In Florida, a man serving 12 years in prison for DUI manslaughter is suing his victims’ survivors for his pain, suffering, medical bills and “loss of capacity for enjoying life.”
In Illinois last year, siblings aged 20 and 23 sought more than $50,000 in damages from their mom for “bad mothering,” including setting a curfew for her then-teenage daughter, "haggling" over clothing prices, and failing to send college care packages.
Lawsuits like these are, unfortunately, more the rule than the exception, says Hillel L. Presser, a lawyer specializing in domestic and international asset protection planning and author of Financial Self-Defense (www.assetprotectionattorneys.com).
“Litigation is America’s fastest growing business, and why not? Plaintiffs have everything to gain and nothing but a few hours’ time to lose,” Presser says. “Even if a case seems utterly ridiculous, like the guy in prison suing his victims’ family, defendants are encouraged to settle just to avoid potentially astronomical legal fees.”
So where does a person begin? You’ll likely need the expertise of an asset protection planner, Presser says, but here are some steps you can take on your own.
• Take stock of your wealth. Inventory your assets – you probably own more than you think. Besides savings and retirement accounts, consider any money owed to you, anticipated inheritances and future assets. Property includes homes, vehicles, jewelry, and land. Don’t forget to consider intangible assets, those non-physical but valuable brands, trademarks, patents and intellectual property. Visit www.assetprotectionattorneys.com for an inventory worksheet.
• Put only assets that are exempt from seizure in your name. Federal and state laws protect some personal assets from lawsuits and creditors. Those assets typically include your primary residence; personal items such as furniture and clothing; pensions and retirement funds; and life insurance. State exemption laws vary; federal laws govern exemptions in bankruptcy.
• Protectively title non-exempt assets. Putting the title to valuable assets in the names of corporations, limited partnerships, domestic trusts and other entities offers some protection. You still get to use and enjoy the asset but legal ownership is with an entity that’s not subject to your personal creditors’ claims. Which entities best shield which assets depends on the asset, your state laws, taxation and your estate plan, to name a few considerations. You can also combine protective entities, for instance, giving ownership of your limited liability company to a limited partnership. It’s best to get professional advice when choosing the entity that will best protect an asset.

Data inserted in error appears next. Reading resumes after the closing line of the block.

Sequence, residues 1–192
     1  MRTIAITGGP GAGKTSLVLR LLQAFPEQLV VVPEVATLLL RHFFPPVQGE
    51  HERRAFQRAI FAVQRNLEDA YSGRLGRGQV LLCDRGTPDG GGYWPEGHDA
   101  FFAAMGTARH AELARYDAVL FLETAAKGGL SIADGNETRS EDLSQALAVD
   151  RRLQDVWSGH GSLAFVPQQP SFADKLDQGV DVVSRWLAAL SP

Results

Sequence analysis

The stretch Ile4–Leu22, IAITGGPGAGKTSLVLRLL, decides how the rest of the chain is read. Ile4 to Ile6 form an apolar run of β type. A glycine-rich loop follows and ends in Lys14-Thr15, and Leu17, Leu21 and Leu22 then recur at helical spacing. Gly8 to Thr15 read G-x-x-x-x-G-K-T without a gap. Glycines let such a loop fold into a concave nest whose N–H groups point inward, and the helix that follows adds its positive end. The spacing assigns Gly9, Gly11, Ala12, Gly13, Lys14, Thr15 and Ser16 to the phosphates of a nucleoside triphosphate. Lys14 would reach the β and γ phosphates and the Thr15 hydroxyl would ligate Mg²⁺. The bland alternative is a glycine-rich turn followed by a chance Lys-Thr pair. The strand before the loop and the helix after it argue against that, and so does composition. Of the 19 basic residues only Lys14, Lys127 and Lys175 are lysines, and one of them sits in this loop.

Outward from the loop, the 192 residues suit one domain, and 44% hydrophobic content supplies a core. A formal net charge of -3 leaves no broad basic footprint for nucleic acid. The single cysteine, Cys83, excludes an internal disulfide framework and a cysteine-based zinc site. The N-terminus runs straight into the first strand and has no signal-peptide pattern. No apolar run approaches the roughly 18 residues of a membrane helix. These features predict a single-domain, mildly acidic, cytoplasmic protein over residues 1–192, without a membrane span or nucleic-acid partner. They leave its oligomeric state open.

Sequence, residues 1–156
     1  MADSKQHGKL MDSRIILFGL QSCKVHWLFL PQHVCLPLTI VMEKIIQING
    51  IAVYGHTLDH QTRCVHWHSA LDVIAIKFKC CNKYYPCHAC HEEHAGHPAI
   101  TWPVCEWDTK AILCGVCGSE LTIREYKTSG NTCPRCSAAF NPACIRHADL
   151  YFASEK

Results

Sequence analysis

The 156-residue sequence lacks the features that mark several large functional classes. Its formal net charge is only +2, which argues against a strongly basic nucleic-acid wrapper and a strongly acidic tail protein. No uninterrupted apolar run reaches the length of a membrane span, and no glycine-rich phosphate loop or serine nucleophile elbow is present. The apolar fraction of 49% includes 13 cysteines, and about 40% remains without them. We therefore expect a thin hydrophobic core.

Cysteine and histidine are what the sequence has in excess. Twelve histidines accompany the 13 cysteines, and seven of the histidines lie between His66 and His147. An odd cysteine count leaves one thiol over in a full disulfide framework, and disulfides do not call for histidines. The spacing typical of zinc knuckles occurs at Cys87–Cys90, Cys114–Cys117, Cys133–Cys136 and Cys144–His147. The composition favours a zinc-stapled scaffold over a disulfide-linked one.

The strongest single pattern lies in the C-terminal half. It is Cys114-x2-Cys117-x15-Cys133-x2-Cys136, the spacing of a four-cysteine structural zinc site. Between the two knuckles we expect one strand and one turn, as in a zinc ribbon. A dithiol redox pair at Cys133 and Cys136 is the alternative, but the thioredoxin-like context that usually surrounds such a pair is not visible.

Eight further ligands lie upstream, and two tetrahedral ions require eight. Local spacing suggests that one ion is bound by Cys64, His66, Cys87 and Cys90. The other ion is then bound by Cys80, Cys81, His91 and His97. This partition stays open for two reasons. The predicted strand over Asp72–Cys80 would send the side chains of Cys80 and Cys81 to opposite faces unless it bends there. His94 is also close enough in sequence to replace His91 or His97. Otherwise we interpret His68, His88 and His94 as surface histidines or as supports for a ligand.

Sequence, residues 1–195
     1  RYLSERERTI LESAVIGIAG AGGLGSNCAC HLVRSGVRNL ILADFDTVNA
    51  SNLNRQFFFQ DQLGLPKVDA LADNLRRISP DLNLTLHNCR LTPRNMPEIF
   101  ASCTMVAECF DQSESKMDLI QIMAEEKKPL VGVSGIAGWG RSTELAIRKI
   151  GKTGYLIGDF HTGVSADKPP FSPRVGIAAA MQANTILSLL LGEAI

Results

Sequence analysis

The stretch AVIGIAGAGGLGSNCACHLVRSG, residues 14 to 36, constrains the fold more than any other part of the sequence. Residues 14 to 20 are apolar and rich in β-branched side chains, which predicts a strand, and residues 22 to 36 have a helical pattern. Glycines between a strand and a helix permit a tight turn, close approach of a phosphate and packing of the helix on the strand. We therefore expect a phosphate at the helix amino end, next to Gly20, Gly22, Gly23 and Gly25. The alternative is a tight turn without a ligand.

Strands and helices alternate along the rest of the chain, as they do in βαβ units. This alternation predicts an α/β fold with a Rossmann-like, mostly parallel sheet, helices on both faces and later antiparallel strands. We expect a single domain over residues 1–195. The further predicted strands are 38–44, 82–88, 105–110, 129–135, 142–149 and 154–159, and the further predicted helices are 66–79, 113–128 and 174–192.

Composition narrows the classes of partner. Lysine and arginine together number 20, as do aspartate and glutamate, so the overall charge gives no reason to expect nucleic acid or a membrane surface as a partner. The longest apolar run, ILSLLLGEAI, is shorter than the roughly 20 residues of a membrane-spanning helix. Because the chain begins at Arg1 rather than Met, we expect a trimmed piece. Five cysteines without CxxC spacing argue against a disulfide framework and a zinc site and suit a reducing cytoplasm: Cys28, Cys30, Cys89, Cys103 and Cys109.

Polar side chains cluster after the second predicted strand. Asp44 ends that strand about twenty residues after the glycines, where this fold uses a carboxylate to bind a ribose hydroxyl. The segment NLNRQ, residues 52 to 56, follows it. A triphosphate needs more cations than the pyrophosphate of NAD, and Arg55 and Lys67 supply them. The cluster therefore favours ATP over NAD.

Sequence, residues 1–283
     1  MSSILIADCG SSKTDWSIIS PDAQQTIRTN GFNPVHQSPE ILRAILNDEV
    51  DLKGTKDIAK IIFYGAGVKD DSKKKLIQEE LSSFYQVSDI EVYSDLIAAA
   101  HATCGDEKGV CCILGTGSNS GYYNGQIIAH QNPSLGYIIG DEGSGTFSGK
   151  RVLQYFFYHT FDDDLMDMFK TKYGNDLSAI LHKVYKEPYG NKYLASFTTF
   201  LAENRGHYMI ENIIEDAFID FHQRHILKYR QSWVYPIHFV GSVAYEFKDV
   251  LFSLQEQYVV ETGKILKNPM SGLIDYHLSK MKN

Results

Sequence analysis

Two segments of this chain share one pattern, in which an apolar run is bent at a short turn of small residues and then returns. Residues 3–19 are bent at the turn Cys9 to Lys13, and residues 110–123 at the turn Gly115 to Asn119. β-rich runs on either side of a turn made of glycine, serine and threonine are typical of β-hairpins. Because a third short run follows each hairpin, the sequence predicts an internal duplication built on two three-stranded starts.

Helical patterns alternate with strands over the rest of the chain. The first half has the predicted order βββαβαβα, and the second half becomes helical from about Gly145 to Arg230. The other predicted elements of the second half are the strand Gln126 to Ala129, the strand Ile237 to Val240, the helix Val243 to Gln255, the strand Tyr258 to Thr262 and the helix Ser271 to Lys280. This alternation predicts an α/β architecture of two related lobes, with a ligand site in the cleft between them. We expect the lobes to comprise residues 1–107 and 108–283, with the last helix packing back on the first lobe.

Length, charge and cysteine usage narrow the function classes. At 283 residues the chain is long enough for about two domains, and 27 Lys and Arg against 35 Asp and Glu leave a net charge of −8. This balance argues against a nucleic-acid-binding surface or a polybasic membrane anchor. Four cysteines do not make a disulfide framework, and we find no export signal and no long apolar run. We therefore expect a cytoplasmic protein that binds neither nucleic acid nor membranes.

Whether you’re worth millions or a few hundred thousand, it’s important to not get caught with your assets showing, Presser says. The more you have exposed, the more enticing a target you become. And the less you have, the more catastrophic the outcome can be.
“If the average person with $200,000 is sued for $1 million, he’s wiped out,” Presser says. “It’s not so horrific for the person with $25 million who gets sued for $5 million.
About Hillel L. Presser
Hillel L. Presser’s firm, The Presser Law Firm, P.A., represents individuals and businesses in establishing comprehensive asset protection plans. He is a graduate of Syracuse University’s School of Management and Nova Southeastern University’s law school, and serves on Nova’s President’s Advisory Council. He also serves on the boards of several non-profit organizations for his professional athlete clients and is a former adjunct faculty member for law at Lynn University. Hillel has authored several books, including “Asset Protection Secrets” and has been featured in Forbes, Sports Illustrated, the Robb Report, the Houston Chronicle, and the Los Angeles Times, among other publications.